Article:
Correlation vs causation Correlational research allows us to predict, but it cannot tell us whether changing one variable will cause changes in another. X > Y. Y > X. X < Z > Y
Coefficient "r" The degree of relationship between two factors: from -1.0 (as one factor score goes up the other goes down), through 0, to +1.0 (the two factors' scores rise and fall together).
Random sample Survey procedure in which every person in the population being studied has an equal chance of inclusion.
Name 4 potentially biasing influences when evalutating surveys. 1.Unrepresentative samples 2.Order of the questions 3.Response bias and social desirability 4.Wording of the questions
Social desirability The tendency for people to say what they want others to hear or what they want to believe about themselves.
Independent variables Experimental factors that a researcher manipulates.
Dependent variables The variable being measured, so called because it may depend on manioulations of the independed variable.
Random assignment The process of assigning participants to the conditions of an experiment such that all persons have the same chance of being in a given condition.
Advantage and disadvantage of correlational research. Advantage: Often uses real-world settings. Disadvantage: Causation often ambiguous
Advantage and disadvantage of experimental research. Advantage: Can explore cause and effect by controlling variables and by random assignment. Disadvantage: Some important variables cannot be studied with experiments (unethical - ex: effect of alcoholic parents on a child)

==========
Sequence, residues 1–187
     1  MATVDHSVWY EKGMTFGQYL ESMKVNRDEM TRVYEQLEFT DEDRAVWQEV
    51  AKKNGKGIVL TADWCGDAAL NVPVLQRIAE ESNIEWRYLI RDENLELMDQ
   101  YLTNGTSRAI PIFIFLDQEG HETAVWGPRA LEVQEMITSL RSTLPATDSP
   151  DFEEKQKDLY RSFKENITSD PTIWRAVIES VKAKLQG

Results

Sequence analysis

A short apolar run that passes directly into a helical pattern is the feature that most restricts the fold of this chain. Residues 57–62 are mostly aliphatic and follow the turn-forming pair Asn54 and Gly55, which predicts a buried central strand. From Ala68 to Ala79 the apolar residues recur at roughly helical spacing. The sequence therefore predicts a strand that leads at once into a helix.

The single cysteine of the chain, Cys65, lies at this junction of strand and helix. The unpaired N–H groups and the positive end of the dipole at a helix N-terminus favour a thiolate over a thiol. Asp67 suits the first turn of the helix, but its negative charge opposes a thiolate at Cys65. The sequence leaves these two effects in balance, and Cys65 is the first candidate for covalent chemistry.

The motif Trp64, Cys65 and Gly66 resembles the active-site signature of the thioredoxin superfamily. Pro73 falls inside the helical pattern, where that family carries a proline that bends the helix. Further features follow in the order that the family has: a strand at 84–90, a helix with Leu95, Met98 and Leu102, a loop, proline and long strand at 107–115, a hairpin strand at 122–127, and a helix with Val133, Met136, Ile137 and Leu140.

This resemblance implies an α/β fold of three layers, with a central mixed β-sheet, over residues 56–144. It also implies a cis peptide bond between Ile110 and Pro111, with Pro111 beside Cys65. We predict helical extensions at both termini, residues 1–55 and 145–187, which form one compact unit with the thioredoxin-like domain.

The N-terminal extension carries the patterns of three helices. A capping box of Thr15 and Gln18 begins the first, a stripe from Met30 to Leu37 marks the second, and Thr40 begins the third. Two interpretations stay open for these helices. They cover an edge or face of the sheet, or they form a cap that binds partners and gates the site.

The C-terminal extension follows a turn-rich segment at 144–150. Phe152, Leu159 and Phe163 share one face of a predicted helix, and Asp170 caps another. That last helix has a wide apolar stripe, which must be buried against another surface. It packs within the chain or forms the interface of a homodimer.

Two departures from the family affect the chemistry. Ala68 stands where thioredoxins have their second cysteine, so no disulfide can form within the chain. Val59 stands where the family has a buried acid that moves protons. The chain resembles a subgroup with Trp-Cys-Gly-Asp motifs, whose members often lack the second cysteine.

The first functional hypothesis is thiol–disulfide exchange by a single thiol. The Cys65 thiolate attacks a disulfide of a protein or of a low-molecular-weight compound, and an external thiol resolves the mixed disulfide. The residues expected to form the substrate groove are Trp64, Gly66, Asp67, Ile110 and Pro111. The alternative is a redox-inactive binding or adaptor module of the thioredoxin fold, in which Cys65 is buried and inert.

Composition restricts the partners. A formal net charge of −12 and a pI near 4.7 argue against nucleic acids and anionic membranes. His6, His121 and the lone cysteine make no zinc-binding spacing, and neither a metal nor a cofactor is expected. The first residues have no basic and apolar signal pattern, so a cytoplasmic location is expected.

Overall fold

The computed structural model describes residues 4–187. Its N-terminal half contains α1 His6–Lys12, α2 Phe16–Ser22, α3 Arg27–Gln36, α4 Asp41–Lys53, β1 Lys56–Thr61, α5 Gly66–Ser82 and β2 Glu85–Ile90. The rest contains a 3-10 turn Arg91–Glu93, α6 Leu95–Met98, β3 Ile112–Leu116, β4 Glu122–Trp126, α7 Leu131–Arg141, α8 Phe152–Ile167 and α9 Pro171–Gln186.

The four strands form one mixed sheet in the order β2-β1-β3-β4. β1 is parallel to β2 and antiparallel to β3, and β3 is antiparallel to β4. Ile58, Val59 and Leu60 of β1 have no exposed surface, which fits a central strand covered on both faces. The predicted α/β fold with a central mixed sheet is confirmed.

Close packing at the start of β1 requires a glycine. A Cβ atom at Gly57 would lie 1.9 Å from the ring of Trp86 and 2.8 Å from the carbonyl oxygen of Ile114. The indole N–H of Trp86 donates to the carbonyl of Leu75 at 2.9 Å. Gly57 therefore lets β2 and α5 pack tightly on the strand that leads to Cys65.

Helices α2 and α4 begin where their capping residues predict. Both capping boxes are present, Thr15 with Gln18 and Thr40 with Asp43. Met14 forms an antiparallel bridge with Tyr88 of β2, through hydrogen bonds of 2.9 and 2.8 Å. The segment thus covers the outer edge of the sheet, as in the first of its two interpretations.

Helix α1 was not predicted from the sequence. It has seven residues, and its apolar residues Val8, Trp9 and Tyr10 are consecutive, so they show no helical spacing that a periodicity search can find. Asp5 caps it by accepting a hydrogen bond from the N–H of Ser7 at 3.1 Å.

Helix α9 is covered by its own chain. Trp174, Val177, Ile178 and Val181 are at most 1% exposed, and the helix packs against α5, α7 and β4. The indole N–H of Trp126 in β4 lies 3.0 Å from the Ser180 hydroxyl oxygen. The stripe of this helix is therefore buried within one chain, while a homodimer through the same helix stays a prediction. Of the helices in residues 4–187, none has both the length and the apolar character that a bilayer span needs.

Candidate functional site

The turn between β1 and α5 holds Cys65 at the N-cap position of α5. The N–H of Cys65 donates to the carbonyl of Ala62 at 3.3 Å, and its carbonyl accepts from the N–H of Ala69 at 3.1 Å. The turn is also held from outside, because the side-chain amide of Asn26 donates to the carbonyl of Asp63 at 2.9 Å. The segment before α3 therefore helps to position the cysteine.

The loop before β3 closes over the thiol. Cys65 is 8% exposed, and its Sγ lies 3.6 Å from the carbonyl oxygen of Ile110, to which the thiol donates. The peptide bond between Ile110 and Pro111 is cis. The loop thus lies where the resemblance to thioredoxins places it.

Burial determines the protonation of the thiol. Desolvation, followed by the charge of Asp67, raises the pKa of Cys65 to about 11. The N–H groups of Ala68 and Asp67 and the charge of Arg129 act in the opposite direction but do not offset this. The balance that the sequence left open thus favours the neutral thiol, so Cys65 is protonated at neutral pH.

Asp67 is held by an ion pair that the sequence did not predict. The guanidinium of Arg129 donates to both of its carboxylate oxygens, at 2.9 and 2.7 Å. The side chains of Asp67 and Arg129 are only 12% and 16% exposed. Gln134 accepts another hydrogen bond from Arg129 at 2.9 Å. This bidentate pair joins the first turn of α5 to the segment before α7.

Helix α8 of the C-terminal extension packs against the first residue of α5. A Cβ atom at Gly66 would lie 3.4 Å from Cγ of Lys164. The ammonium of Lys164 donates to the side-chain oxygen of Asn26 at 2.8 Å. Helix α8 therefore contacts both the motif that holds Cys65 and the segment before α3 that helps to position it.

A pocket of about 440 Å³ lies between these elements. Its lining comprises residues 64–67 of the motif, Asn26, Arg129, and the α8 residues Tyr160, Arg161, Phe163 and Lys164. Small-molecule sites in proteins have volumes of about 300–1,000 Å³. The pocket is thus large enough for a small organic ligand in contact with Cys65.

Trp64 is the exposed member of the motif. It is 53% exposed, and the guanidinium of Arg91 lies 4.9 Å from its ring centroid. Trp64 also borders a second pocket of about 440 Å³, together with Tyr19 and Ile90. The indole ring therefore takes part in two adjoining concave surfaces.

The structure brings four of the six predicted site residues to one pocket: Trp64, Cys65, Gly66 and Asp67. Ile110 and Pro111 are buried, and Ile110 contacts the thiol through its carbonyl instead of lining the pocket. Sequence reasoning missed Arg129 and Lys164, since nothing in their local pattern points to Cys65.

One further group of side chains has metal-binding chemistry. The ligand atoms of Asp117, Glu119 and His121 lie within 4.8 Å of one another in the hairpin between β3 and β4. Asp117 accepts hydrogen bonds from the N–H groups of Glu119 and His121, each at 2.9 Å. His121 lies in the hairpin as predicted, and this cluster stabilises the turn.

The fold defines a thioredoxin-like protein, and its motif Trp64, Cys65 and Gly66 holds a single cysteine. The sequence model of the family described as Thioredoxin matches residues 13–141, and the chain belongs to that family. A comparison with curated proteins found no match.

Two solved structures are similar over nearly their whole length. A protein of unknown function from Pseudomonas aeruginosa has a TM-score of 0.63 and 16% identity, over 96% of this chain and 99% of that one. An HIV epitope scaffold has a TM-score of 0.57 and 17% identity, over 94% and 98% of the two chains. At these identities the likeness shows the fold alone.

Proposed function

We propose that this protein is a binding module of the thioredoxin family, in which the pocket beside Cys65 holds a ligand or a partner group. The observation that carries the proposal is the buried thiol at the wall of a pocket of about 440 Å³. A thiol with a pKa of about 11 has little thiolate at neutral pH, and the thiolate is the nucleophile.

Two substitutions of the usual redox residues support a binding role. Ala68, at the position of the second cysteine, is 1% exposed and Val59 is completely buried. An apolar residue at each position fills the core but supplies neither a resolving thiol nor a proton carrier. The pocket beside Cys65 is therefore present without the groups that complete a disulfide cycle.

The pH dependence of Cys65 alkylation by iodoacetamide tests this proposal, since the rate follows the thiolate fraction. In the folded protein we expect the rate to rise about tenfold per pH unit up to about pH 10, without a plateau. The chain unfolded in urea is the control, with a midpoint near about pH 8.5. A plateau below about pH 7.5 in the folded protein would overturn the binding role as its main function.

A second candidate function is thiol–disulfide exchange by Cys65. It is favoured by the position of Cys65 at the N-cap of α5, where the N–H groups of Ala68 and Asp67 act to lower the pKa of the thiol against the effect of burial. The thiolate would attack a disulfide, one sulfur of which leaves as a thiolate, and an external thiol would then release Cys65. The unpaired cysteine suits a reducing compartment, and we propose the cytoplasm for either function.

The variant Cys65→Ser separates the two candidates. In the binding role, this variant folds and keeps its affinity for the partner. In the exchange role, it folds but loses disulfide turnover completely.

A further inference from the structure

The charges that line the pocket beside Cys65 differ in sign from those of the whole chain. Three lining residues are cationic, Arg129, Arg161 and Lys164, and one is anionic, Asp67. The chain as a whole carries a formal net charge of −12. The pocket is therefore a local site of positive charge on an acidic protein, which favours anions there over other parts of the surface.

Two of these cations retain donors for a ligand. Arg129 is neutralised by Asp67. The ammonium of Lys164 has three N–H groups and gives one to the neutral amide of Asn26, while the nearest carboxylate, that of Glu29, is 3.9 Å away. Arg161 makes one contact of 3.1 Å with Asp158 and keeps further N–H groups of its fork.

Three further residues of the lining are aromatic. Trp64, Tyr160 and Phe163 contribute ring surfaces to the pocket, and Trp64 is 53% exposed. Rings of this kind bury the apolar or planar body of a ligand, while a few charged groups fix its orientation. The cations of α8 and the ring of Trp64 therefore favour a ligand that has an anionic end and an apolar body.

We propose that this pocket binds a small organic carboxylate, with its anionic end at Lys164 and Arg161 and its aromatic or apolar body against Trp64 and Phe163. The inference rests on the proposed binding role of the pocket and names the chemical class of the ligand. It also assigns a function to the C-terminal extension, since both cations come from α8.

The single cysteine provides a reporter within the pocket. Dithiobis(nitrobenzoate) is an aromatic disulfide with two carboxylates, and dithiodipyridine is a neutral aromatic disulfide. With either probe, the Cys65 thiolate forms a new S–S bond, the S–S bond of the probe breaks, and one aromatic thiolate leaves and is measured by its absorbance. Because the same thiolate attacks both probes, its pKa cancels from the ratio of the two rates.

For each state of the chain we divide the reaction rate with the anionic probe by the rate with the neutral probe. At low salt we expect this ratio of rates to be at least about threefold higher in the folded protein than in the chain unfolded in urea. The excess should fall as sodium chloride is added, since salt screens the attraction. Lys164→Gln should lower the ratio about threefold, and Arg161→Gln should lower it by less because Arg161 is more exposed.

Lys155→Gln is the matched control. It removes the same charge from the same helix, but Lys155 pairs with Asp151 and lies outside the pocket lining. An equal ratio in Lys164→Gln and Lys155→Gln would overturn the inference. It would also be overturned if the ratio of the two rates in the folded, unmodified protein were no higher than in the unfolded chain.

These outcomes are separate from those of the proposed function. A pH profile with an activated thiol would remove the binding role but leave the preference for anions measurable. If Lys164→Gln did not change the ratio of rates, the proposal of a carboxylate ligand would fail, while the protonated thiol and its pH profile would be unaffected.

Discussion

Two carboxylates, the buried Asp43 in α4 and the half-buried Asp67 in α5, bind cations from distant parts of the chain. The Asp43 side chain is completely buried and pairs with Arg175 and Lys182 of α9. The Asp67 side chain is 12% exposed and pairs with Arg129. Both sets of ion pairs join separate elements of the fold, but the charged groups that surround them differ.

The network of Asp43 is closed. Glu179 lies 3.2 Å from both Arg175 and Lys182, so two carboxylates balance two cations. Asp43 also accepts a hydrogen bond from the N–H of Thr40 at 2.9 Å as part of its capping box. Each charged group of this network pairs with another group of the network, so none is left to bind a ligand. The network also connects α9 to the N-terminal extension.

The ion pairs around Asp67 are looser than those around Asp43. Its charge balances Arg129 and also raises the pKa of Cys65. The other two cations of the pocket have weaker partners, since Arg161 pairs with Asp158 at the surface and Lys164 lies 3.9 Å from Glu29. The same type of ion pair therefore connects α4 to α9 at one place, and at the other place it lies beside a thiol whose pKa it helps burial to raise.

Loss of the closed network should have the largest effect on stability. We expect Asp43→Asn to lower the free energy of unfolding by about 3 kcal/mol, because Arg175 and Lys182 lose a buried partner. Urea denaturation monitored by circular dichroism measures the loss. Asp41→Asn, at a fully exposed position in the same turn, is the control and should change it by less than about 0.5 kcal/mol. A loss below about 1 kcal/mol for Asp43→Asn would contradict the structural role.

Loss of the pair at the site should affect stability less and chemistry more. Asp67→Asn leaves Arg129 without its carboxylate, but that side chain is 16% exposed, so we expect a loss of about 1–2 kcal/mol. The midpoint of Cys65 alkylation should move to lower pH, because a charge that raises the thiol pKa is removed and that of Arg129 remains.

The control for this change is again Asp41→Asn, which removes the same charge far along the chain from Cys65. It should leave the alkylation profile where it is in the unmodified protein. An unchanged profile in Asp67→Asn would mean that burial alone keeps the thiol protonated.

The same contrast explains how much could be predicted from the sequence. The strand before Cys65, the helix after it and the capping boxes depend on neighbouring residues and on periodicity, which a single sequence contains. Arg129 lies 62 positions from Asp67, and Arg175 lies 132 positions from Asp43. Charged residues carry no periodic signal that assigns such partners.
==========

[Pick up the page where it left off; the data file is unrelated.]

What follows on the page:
Random assignment vs random sampling Random assignment helps us infer cause and effect. Random sampling helps us generalize a population.
Observational research methods Where individuals are observed in natural settings, often without awareness, in order to provide the opportunity for objective analysis of behaviour.
Mundane realism Degree to which an experiment is superficially similar to everyday situations (substandard, not great).
Experimental realism Degree to which an experiment absorbs and involves its participants
Demand characteristics Cues in an experiment that tell the participant what behaviour is expected (do not want this-behaviour will not be genuine).
Name 5 ethical principles. 1.Tell participants enough about experiment to enable informed consent 2.Be truthful Use deception only if necessary & justified 3.Protect people from harm & significant discomfort 4.Confidentiality 5. Debrief (except when feedback it distressing)
Informed consent An ethical principle requiring that research participants be told enough to enable them to choose whether they wish to participate.
What is social psychology? The scientific study of how people think about, influence, and relate to one another.
What are the 6 major themes of social psychology? 1.We cosntruct our social reality 2.Personal attitudes are often powerful but sometimes perilous 3.Personal attitudes &dispositions shape behaviour 4.Social behaviour is biologically rooted 5.Relating to others: basic need 6.Applicable in everyday life
In what 2 ovious ways do social psychologists' values penetrate their work? 1.Their choice of research topics 2.The types of people who are attracted to various fields of study
Social psychologsts organize their ideas and findings into ____. theories
_______ studies, sometimes conducted with systematic survey methofs, discern the relationship between variables, such as between the amount of education and amount of income, Correlational
Social-psychological research is either _____ or _____. correlational, experimental
Knowing that two things are natually related (correlational research) is valuable information, but it is not a reliable indicator of what 2 factors? 1. Cause-effect relationships 2.Presence of 3rd variable
Created by: jarnol33